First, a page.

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Clash in Parliament over procurement bill

Published: 
Saturday, July 5, 2014
Speaker Wade Mark, left, and Opposition leader Dr Keith Rowley discuss issues during yesterday’s sitting of Parliament. PHOTO: MARYANN AUGUSTE

House Speaker Wade Mark had to warn both PNM MP Terrence Deyalsingh and PP Senator Dr Bhoe Tewarie after they clashed on the Procurement Bill which Tewarie piloted in Parliament yesterday.

 

The bill, designed to prevent corruption in procurement processes for all state agencies, was unanimously passed by Government, Opposition and Independents in the Senate recently.

 

Piloting it yesterday, Tewarie noted the bill’s stipulations sought to provide a balance to the self-interest in the private sector, since the private sector was a significant part of the procurement equation.

 

Tewarie had just finished outlining several government achievements, saying constitutional reform would come to a close, and was about to speak about other aspects of reform, when PNM MP Colm Imbert interrupted, asking if Government would sanction amendments to the procurement bill.

 

Tewarie said he preferred not to since the bill was fully scrutinised by a Joint Select Committee and unanimously passed by all sides with amendments in the Senate. He said, however, if there was anything compelling, it would be considered .

 

Imbert complained to ILP’s Jack Warner that Tewarie was “arrogant” and “disrespectful” and PNM’s Marlene McDonald said the same.

 

Tewarie, who said he did not want to “go there,” then replied that the PNM had tried to sabotage the bill.

 

He said, “They walked out of the JSC process and the only reason they co-operated in the Senate to pass it was due to public outcry and editorials, and the Independents supporting it. I don’t want, now, with the Parliament session coming to an end, for this bill to lapse,”

 

“It’s not the Government that’s being disrespectful. Government respected every view. It’s the Opposition that has been disrespectful and contemptuous not only of the Parliament but the process and also the need and desire for T&T [to have] decent and honourable laws.”

 

Deyalsingh said it was unfortunate he was scolded by a non-elected member. He said the PNM walked out of the JSC due to Tewarie’s statements about T&T being a failed state in 2010 and the Invaders’ Bay project.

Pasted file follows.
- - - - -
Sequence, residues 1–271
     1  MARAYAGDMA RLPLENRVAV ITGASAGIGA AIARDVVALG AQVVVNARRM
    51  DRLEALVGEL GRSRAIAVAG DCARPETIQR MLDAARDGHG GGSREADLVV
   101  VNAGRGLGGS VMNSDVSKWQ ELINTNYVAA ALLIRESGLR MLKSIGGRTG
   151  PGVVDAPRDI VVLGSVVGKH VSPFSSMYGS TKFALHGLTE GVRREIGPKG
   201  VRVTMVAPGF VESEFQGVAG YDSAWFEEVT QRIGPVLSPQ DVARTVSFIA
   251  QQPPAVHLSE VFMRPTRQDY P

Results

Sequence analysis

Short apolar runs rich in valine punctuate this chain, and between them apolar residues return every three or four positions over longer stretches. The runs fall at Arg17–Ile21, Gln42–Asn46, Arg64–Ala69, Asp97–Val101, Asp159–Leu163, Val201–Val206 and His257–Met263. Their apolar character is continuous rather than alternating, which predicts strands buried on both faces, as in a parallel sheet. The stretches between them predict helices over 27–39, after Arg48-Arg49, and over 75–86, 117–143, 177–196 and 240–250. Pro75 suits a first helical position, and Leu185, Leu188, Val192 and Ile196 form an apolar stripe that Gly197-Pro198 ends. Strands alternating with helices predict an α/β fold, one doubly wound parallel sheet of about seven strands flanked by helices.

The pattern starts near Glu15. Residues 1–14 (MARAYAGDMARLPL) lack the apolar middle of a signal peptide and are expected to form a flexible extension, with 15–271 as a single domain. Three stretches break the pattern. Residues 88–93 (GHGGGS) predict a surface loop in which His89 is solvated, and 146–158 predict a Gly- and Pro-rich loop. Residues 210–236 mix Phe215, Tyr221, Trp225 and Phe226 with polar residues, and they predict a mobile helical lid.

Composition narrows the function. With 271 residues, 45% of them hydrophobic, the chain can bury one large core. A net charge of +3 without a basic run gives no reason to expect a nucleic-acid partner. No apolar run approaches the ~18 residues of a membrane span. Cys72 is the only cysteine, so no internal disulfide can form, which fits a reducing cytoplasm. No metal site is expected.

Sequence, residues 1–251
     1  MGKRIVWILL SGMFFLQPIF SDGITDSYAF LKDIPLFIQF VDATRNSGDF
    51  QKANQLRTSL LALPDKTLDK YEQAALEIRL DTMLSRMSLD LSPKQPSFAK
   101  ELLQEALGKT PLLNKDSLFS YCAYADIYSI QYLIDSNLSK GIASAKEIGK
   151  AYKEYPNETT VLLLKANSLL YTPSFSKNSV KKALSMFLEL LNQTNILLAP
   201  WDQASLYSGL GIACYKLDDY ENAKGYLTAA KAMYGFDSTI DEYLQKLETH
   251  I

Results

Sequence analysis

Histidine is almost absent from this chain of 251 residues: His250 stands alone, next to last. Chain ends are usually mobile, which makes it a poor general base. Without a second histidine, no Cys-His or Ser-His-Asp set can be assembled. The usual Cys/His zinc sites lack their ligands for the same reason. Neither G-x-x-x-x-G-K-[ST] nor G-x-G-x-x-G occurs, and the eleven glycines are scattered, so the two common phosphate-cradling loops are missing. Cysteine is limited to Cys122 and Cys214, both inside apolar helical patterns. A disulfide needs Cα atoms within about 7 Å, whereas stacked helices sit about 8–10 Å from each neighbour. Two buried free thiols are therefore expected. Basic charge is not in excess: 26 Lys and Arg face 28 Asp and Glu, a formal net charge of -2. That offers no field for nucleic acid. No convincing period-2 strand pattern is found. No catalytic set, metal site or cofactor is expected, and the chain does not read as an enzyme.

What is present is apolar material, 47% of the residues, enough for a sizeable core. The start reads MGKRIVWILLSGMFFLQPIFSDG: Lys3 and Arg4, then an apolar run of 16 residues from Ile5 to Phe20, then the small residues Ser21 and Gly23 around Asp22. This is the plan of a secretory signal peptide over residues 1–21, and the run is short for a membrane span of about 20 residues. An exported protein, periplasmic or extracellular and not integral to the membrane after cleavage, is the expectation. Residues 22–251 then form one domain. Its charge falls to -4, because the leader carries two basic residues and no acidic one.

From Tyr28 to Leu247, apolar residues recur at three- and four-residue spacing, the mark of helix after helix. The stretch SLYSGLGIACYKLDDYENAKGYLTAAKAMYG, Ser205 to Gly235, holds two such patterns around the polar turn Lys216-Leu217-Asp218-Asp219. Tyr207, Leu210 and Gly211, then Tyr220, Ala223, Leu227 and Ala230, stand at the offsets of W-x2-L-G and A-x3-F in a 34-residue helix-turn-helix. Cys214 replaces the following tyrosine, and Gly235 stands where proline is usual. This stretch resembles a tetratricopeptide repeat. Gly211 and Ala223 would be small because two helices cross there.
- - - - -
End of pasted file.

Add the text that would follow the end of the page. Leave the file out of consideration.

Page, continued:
He said the PNM would support the bill, but wanted to be sure about what would be proclaimed since the PNM didn’t want “another Section 34.”

 

Deyalsingh said a businessman was reported in a newspaper saying Cabinet had green-lighted the Invaders’ Bay project and Tewarie had told him he would get it. Tewarie asked to see the news report. 

 

Deyalsingh offered to show it to him. Mark intervened, saying Deyalsingh had to take responsibility for quotations he used.

 

Deyalsingh questioned why the recent Supplementation Bill approved $1 million for PriceWaterhouseCoopers to report on terms and conditions for the project, if Cabinet had already approved it .

 

He said the Joint Consultative Council for the Construction Industry had filed questions on the project and not received answers. Tewarie said the matter was before the court. Deyalsingh asked if Government had a lease ensuring the property was vested in the State. Tewarie, in his seat, muttered responses. Mark then warned both men.

 

 

 

More in Parliament

 

The Securities and Exchange Commission is probing the issue of Chanka Seeteram and the FCB IPO share issue, Finance Minister Larry Howai said yesterday.

 

Replying to Opposition questions in Parliament yesterday, Howai said the report on the probe into the FCB-IPO issue was received and had been sent to the Attorney General who passed it on to the DPP.

 

He said the AG had advised it could not be laid in Parliament since it had gone that route. He said that report did not deal with the Seeteram issue, but the SEC was asked to examine the latter issue separately.

 

Howai said there tended to be greater demand for foreign exchange in the month of June because businesspeople put in orders at that time for goods and services for Eid, Divali and Christmas later in the year. There were also more travellers, and students were being registered in schools .

 

Howai listed banks including merchant banks that were now authorised to sell foreign exchange. He said the new additions—four merchant banks—were added since business customers were the largest buyers of foreign exchange, and with more avenues to obtain this and increased competition, the consumer would benefit from better prices. 

 

 

More in Parliament

 

The Securities and Exchange Commission is probing the issue of Chanka Seeteram and the FCB IPO share issue, Finance Minister Larry Howai said yesterday.

 

Replying to Opposition questions in Parliament yesterday, Howai said the report on the probe into the FCB-IPO issue was received and had been sent to the Attorney General who passed it on to the DPP.

 

He said the AG had advised it could not be laid in Parliament since it had gone that route. He said that report did not deal with the Seeteram issue, but the SEC was asked to examine the latter issue separately.

 

Howai said there tended to be greater demand for foreign exchange in the month of June because businesspeople put in orders at that time for goods and services for Eid, Divali and Christmas later in the year. There were also more travellers, and students were being registered in schools .

 

Howai listed banks including merchant banks that were now authorised to sell foreign exchange. He said the new additions—four merchant banks—were added since business customers were the largest buyers of foreign exchange, and with more avenues to obtain this and increased competition, the consumer would benefit from better prices.